Accountability

Thinking beyond Ofsted is now mainstream and success beckons

The Beyond Ofsted inquiry shows that was once radical is now within reach

The Beyond Ofsted inquiry shows that was once radical is now within reach

24 Nov 2023, 5:00

In 2020, the Headteachers’ Roundtable asked Ofsted to pause; to stop what it was doing and think about the harmful consequences of what had become a painful and bruising inspection regime for very many headteachers. It invited all school-based employees to consider standing down as inspectors.

Just a few months later, a global pandemic meant a pause occurred anyway, but by 2022-23 we were back to the pre-pandemic routine of regular school inspections and career-breaking and community-destroying school gradings. The Roundtable continued to call for a removal of the grading system, for a re-introduction of the notion of ‘context’ into inspections, for a commission to reframe school inspection and for a separation between inspection and annual safeguarding audits.

In 2020 it felt brave for school leaders to speak out in that way, but since the tragic death of Ruth Perry in January 2023 the calls for an end to grading have become deafening from many quarters, including ex-inspectors and HMIs. The removal of school gradings in favour of a school report card is one of the significant policy changes proposed by the Labour Party if it wins the general election. Pausing Ofsted has become a mainstream idea.

I was delighted, therefore, to be asked to represent the Headteachers’ Roundtable on the advisory board of the Beyond Ofsted inquiry launched in the spring. The board, which was brilliantly chaired by former schools minister, Lord Jim Knight, met regularly and picked its way through a body of research on inspection including global alternatives, an extensive survey of educators’ views of inspection and feedback from focus groups of teachers, parents, governors and school leaders.

What was fascinating about the advisory group is that we did not agree on a whole range of educational issues depending on our professional experiences and the bodies we represented. But when faced with the research, the international inspection models and the survey outcomes, we each concluded that England was an outlier in terms of the way it inspected its schools, that the mechanisms of Ofsted have a number of negative effects including on teacher wellbeing, school improvement and performance and that without substantial reform it had outlived its usefulness. There was not one voice of dissent in the room over these conclusions.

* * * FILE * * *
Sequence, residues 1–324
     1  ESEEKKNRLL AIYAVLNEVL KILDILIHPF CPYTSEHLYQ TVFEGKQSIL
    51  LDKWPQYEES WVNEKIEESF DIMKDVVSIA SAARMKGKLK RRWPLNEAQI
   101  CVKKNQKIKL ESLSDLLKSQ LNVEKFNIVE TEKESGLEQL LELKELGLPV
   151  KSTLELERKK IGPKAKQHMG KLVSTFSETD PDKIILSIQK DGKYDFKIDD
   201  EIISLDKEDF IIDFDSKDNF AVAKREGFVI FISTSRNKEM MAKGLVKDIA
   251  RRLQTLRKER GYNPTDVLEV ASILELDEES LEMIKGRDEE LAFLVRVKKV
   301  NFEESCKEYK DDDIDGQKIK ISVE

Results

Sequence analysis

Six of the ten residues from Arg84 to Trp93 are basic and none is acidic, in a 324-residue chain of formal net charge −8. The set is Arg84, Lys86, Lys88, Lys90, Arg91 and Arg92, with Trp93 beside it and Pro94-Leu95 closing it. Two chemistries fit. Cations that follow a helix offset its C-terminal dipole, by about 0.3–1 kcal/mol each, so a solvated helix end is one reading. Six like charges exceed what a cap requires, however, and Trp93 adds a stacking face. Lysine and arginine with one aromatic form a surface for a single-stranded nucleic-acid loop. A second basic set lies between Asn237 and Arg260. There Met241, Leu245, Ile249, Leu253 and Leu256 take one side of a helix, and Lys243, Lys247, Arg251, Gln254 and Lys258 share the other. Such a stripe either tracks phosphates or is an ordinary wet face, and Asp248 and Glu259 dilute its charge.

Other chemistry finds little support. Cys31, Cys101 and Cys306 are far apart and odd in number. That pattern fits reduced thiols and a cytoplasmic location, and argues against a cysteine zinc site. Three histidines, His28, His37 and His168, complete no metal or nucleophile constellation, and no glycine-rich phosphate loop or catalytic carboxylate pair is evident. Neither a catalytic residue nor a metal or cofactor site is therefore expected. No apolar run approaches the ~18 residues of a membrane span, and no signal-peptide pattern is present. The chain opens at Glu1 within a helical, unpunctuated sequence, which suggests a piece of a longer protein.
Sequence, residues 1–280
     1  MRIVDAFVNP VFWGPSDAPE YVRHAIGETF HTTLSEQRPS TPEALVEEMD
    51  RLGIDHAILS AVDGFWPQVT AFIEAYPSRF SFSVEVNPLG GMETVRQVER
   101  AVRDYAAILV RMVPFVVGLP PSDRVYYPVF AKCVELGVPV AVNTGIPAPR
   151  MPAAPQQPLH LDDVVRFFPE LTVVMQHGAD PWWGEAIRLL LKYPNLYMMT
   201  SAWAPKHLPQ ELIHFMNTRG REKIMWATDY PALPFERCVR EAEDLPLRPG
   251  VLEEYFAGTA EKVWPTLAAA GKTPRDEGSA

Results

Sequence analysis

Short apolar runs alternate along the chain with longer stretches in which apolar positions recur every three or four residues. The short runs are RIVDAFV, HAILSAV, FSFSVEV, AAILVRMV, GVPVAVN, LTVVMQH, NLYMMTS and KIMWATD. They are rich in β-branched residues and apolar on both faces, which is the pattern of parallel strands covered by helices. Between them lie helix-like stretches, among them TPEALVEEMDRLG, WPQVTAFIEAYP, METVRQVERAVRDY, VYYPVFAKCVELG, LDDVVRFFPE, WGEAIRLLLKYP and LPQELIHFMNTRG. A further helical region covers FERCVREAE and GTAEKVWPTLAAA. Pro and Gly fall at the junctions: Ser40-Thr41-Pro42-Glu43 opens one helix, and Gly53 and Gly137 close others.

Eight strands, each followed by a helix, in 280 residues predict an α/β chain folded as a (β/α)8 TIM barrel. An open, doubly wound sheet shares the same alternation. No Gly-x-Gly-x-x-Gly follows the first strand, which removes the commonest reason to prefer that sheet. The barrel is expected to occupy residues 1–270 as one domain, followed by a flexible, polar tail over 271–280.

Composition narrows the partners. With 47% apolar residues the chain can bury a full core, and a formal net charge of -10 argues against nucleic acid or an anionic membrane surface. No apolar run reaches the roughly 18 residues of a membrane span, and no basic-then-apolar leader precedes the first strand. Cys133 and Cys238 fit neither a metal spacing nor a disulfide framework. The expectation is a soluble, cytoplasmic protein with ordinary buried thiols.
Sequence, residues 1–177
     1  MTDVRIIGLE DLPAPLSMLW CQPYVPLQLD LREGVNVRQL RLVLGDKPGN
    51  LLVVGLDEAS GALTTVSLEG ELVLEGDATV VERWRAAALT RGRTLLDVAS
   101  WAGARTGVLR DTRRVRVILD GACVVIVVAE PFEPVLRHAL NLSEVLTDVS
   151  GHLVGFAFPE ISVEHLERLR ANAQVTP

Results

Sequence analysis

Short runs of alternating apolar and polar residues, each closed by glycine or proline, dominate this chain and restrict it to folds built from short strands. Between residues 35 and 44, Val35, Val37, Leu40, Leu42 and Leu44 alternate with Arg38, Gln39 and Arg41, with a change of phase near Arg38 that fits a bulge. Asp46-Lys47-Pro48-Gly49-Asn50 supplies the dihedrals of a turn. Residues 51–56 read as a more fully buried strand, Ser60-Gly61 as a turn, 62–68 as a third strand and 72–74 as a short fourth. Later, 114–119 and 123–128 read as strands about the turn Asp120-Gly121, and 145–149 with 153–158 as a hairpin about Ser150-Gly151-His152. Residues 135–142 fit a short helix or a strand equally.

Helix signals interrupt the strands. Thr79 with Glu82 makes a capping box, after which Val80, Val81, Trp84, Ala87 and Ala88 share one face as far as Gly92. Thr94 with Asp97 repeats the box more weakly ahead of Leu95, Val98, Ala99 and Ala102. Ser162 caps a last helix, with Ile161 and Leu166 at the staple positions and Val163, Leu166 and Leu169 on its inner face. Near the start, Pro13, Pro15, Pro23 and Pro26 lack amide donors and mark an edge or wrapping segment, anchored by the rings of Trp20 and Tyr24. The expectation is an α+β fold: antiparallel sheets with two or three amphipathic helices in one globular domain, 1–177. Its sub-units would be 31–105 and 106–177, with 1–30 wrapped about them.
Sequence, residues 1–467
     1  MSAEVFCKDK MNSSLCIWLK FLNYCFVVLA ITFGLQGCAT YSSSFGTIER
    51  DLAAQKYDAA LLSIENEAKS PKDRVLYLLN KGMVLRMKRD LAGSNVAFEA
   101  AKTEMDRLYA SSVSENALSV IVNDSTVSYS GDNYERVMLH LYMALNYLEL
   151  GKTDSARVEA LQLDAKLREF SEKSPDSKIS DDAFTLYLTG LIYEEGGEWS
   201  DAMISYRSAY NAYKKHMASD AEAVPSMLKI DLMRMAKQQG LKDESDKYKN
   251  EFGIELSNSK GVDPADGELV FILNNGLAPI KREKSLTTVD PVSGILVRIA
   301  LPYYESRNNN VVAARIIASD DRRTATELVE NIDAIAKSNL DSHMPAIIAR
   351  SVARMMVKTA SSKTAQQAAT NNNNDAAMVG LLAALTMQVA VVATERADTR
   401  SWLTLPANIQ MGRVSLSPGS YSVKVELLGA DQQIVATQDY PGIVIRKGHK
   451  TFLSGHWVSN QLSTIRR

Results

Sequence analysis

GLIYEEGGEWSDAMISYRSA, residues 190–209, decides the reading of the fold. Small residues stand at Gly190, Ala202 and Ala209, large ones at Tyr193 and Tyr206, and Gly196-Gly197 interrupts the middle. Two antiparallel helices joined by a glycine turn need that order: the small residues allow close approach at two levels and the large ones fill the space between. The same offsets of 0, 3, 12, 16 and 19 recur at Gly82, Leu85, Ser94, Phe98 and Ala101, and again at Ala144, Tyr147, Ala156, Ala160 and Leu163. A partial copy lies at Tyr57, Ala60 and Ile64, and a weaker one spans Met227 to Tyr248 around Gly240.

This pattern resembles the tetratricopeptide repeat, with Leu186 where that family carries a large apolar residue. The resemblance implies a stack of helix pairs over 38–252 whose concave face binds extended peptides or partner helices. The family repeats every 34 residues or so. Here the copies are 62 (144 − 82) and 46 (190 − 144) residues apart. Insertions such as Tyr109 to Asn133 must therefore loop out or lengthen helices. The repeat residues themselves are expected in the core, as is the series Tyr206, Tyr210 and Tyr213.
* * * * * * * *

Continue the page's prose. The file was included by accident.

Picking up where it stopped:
There was not one voice of dissent in the room

The advisory body was keen not simply to provide a critical analysis but to be practical in offering solutions and alternatives to the current Ofsted regime. It did not call for an abolition of Ofsted. Instead, it pragmatically and moderately agreed that schools need to be accountable to their communities and that parents have a right to know key information about their local school: its contextual challenges, what it does well and what it is working on.

It was also agreed that, while schools should carry out robust self-evaluation, an expert outside eye would ensure that there would be challenge to internal perceptions and performance data. If this challenge is to be meaningful and result in improvement, it needs to happen over time and in partnership with the school.

Additionally, it was felt that, in common with financial audits, safeguarding audits should be conducted annually by a separate body. This would mean that safeguarding assurance could be communicated more regularly to parents so that any issues arising can be speedily addressed.

The full report is worth reading. It is timely and The Headteachers’ Roundtable strongly believes that its recommendations should be adopted by whichever government is formed after the coming general election.

It’s now no longer radical to be asking for these changes, but any departure from the current model will feel radical to many. It is up to us as a profession now to make the case that the crises in recruitment, retention, wellbeing and more that characterise our system demand it, to show that we don’t shy away from accountability and to convince our communities that they have a right to expect so much better than what they are getting.

We are making a winning argument. With this report in hand, we can seize the political moment and turn the tide.

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